The KHAN Technology Transfer Fund I (KHAN-I) has committed up to EUR 3 million in milestone-dependent payments to CalTIC, a Dortmund based start-up, for the discovery of a new class of drugs.
The start-up builds on a long-term collaboration between the Lead Discovery Center GmbH (LDC), the Max Planck Institute of Molecular Physiology (MPI-MP) and the University of Leeds (UoL), which resulted in the validation of transient receptor potential canonical (TRPC) channel inhibition as a promising new approach for the treatment of widespread conditions, including metabolic diseases, obesity, and heart hypertrophy. Using the proceeds, the founding partners will continue their collaboration to advance their results to preclinical stage. CalTIC’s stakeholders are UoL, LDC, the Max Planck Society (MPG), Prof. Marc Freichel, at the Institute of Pharmacology at Heidelberg University, and KHAN-I.
“The inhibition of TRPC channels presents an entirely new approach to treating metabolic and heart disease,” says Bert Klebl, CEO & CSO of LDC. “It holds significant potential for patients, and we are very much looking forward to continuing our collaboration with this group of excellent scientists and clinicians to translate it into practice.”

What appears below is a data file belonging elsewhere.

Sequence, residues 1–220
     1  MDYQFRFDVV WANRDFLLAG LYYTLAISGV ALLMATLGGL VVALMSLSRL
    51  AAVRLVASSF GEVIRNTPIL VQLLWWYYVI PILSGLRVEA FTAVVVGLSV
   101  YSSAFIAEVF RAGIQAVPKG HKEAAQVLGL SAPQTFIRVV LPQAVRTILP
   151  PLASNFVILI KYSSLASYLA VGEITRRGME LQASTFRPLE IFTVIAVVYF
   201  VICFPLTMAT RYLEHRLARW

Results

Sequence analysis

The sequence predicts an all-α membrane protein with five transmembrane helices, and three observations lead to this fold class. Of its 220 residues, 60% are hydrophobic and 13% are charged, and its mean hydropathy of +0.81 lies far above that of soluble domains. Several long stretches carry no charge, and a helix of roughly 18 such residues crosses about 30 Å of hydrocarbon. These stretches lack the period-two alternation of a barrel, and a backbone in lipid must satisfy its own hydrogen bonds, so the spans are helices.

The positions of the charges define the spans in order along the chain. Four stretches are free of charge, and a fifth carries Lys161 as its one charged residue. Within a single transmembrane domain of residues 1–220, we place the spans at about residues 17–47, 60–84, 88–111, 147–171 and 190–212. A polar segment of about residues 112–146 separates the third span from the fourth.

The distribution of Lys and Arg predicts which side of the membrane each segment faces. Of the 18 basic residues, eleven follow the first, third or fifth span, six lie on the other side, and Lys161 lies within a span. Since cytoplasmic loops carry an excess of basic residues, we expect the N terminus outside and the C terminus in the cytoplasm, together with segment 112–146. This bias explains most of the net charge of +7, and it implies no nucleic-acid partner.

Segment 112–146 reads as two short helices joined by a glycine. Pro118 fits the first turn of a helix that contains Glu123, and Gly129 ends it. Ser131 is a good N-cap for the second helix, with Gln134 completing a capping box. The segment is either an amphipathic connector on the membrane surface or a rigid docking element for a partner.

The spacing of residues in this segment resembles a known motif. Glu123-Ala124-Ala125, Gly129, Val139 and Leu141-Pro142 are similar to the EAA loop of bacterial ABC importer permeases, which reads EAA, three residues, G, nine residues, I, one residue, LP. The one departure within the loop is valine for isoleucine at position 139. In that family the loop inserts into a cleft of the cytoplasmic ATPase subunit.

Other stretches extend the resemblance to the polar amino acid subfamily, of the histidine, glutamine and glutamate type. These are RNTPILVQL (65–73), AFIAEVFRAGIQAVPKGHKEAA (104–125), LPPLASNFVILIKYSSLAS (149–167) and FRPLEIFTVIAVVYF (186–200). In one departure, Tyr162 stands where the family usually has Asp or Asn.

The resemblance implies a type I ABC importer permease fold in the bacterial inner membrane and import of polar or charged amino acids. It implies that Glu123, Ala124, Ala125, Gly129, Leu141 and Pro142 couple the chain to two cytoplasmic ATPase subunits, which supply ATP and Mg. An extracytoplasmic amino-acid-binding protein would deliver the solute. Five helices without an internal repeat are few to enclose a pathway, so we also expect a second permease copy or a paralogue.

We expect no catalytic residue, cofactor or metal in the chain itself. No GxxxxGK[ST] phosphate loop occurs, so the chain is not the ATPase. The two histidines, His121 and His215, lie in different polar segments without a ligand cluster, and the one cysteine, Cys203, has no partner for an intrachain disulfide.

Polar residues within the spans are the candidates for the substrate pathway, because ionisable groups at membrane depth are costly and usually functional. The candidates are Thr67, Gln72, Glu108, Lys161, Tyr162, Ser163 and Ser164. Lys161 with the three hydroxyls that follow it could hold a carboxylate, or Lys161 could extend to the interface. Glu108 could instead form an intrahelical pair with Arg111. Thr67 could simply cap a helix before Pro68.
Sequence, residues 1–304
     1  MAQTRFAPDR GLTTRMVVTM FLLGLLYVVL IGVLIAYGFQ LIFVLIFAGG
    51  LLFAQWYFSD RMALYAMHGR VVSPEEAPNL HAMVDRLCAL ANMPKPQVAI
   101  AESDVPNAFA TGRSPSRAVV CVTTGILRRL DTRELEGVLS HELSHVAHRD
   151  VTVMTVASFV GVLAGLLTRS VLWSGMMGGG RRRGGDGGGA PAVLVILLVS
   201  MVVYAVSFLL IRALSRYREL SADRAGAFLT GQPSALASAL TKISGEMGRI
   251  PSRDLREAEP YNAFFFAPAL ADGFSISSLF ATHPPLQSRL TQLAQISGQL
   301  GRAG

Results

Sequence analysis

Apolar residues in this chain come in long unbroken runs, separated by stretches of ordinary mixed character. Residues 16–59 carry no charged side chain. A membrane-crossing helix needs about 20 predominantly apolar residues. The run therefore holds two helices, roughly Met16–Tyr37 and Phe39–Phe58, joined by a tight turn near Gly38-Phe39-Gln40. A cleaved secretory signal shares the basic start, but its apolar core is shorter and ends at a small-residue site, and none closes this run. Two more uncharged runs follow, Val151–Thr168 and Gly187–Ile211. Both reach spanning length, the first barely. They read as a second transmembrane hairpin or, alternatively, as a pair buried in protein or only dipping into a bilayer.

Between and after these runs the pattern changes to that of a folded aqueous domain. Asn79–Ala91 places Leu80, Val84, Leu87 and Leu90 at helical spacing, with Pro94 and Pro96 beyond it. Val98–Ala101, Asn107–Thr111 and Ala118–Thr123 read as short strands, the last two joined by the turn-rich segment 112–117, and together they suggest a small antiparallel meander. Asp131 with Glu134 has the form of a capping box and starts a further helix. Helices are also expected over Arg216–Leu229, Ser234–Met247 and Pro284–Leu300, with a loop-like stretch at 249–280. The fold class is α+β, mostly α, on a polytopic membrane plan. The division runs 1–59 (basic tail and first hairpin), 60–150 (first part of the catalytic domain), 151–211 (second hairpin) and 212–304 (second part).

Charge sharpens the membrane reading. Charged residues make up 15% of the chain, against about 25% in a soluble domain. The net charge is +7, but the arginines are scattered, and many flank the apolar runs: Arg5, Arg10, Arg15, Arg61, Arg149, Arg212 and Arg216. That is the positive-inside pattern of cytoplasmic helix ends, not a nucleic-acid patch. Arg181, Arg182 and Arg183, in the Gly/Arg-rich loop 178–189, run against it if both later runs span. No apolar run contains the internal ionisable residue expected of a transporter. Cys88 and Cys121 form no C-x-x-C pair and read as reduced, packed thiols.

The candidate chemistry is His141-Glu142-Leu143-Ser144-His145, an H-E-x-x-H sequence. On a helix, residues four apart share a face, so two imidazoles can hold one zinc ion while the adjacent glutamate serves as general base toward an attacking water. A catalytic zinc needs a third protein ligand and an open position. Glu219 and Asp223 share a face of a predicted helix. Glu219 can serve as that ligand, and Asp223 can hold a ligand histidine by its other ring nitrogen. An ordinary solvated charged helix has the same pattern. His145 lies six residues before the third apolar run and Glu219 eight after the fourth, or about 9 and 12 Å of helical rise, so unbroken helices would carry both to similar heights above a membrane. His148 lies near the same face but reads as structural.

CalTIC’s TRPC inhibitors block binding sites that were originally discovered by Prof. David J. Beech (UoL) and Prof. Herbert Waldmann (MPI-MP) as targets of Englerin A. Results from various in vivo models support both the potency and safety of the approach of the newly developed TRPC channel inhibitors in metabolic and heart disease.
“We are delighted that KHAN-I has placed great confidence in CalTIC,” says Klaus Dinkel, CEO of CalTIC, “With KHAN’s investment and our partners’ continued commitment, we are perfectly positioned to exploit the exciting project.”
“For drugs that inhibit receptors, we refer to receptor subtypes, such as beta-adrenoceptor blocking drugs and so on. But for calcium channels, we refer to calcium-channel blockers as if there is only one type of calcium channel, yet we now know this isn’t the case - there are many. Our CalTIC therapeutic innovation partnership will target some of these new calcium channels. It’s a hugely exciting moment to see the potential for new medicines after years of effort getting to this point,” states Prof. David Beech, UoL School of Medicine.